Scientists have solved decades long puzzle about lithium, an essential metal in cellphone and computer batteries. Using extreme pressure experiments and powerful supercomputing, the international team has unraveled the mystery of a fundamental property of lithium. Its atoms are arranged in a simple structure, and may be the first direct evidence of a quantum solid behavior in a metal.

Until now, all previous experiments have indicated that lithium’s atoms had a complex arrangement. The idea baffled theoretical physicists. With only three electrons, lithium is the lightest, simplest metal on the periodic table and should have a simple structure to match.

The new study combined theory and experimentation to discover the true structure of lithium at cold temperatures, in its lowest energy state.

Scientists suggest that rapid cooling led lithium atoms to arrange themselves in complex structure and resulted in misinterpretation of the previous experimental results. To avoid this, Shanti Deemyad, associate professor at the University of Utah who led the experimental aspect of the study, applied extreme pressure to the lithium before cooling down the samples.

Deemyad’s research group prepared the lithium samples in tiny pressure cells at the U. The group then traveled to Argonne National Laboratory to apply pressure up to 10,000 times the Earth’s atmosphere by pressing the sample between the tip of two diamonds. They then cooled and depressurized the samples, and examined the structures at low pressure and temperature using X-ray beams.


Image shows the structural phase transitions in isotopes of lithium as function of pressure and temperature. The lowest energy state has a simple cubic structure (fcc) and is synthesized at low temperature and pressure by decompression of lithium from high pressure. The two isotopes showed different structural phase transitions during cooling under pressure. The differences observed is characteristic of quantum solid behavior.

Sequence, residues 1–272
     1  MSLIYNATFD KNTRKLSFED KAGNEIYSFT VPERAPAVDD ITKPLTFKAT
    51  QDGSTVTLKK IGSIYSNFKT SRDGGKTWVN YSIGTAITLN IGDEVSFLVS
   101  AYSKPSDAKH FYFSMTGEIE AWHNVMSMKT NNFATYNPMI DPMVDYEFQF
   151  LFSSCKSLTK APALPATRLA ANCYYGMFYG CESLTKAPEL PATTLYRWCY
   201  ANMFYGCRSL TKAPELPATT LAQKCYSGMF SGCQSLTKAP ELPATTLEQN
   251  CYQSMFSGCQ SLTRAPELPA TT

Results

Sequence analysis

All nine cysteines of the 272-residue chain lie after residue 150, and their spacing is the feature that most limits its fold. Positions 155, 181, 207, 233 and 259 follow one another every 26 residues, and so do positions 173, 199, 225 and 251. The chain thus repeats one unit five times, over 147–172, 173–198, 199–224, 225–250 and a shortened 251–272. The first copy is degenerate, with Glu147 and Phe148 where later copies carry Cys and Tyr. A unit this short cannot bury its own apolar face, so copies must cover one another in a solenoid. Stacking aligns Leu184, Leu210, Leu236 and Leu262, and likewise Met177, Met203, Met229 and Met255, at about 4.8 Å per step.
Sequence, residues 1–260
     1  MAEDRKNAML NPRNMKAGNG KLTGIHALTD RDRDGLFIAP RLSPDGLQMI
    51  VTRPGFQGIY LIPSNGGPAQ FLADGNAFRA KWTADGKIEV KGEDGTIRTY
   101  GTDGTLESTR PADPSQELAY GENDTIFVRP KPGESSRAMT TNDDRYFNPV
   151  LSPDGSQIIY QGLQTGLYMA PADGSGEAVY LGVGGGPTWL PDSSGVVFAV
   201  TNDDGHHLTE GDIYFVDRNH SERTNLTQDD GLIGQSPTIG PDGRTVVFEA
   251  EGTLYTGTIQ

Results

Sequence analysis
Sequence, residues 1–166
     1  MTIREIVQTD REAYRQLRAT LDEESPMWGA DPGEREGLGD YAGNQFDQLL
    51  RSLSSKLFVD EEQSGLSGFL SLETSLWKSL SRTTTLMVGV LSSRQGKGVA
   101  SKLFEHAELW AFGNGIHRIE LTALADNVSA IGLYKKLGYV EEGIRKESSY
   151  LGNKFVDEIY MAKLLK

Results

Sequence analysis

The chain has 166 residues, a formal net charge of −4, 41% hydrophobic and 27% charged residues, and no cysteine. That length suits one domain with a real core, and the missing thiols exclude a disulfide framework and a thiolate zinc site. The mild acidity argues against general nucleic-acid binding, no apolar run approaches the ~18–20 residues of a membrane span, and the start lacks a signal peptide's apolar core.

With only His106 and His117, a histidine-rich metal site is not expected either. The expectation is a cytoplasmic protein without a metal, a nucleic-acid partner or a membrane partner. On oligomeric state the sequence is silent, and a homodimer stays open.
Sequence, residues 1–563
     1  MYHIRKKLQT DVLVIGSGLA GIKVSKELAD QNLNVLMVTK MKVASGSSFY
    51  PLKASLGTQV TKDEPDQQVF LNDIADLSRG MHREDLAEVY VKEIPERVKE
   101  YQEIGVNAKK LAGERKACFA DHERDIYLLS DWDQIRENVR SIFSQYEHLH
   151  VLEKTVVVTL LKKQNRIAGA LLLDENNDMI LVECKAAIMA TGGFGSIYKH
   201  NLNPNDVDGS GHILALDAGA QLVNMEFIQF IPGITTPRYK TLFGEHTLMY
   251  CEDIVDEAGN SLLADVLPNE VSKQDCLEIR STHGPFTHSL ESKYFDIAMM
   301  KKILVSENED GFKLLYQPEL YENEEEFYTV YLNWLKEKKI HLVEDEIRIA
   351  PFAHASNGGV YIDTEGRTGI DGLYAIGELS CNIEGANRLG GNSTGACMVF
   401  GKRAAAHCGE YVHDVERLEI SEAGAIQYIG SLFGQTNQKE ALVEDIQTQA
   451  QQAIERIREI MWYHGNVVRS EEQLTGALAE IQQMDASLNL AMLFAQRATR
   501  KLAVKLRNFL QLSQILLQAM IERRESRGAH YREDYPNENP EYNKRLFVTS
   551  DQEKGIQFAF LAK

The researchers looked at two isotopes of lithium — the lighter lithium 6 and heavier lithium 7. They found that the lighter isotope behaves differently in its transitions to lower energy structures under certain thermodynamic paths than the heavier isotope, a behavior previously only seen in helium. The difference means that depending on the weight of the nuclei, there are different ways to get to the lower energy states. This is a quantum solid characteristic.

Graeme Ackland, professor from the University of Edinburgh, led the theoretical aspect of the study by running the most sophisticated calculations of lithium’s structure to date, using advanced quantum mechanics on the ARCHER supercomputer. Both experimentation and theoretical parts of the study found that lithium’s lowest energy structure is not complex or disordered, as previous results had suggested. Instead, its atoms are arranged simply, like oranges in a box.

The study, from the Universities of Edinburgh and Utah, was published in Science.

PHOTO CREDIT: Saveez Saffarian

Rong Zhang (left), graduate student in Shanti Deemyad’s lab and co-author of the study, holds a high pressure diamond anvil cell inside a glovebox used to prepare lithium samples.

Corresponding author Deemyad of the University of Utah Department of Physics & Astronomy, said: “Our experiments revealed that lithium is the first metallic element with quantum lattice structure behavior at moderate pressures. This will open up new possibilities for rich physics.”

Co-author Miguel Martinez-Canales of the University of Edinburgh School of Physics and Astronomy, said: “Our calculations needed an accuracy of one in 10 million, and would have taken over 40 years on a normal computer.”

Lead theoretical author Graeme Ackland of the University of Edinburgh School of Physics and Astronomy, said: “We were able to form a true picture of cold lithium by making it using high pressures. Rather than forming a complex structure, it has the simplest arrangement that there can be in nature.”

Adapted from University of Edinburgh release:


Media Contacts

Shanti Deemyadassociate professor, Department of Physics and Astronomy
Mobile: 801-300-8336

Lisa PotterScience writer, University Marketing and Communications
Office: 801-585-3093 Mobile: 949-533-7899

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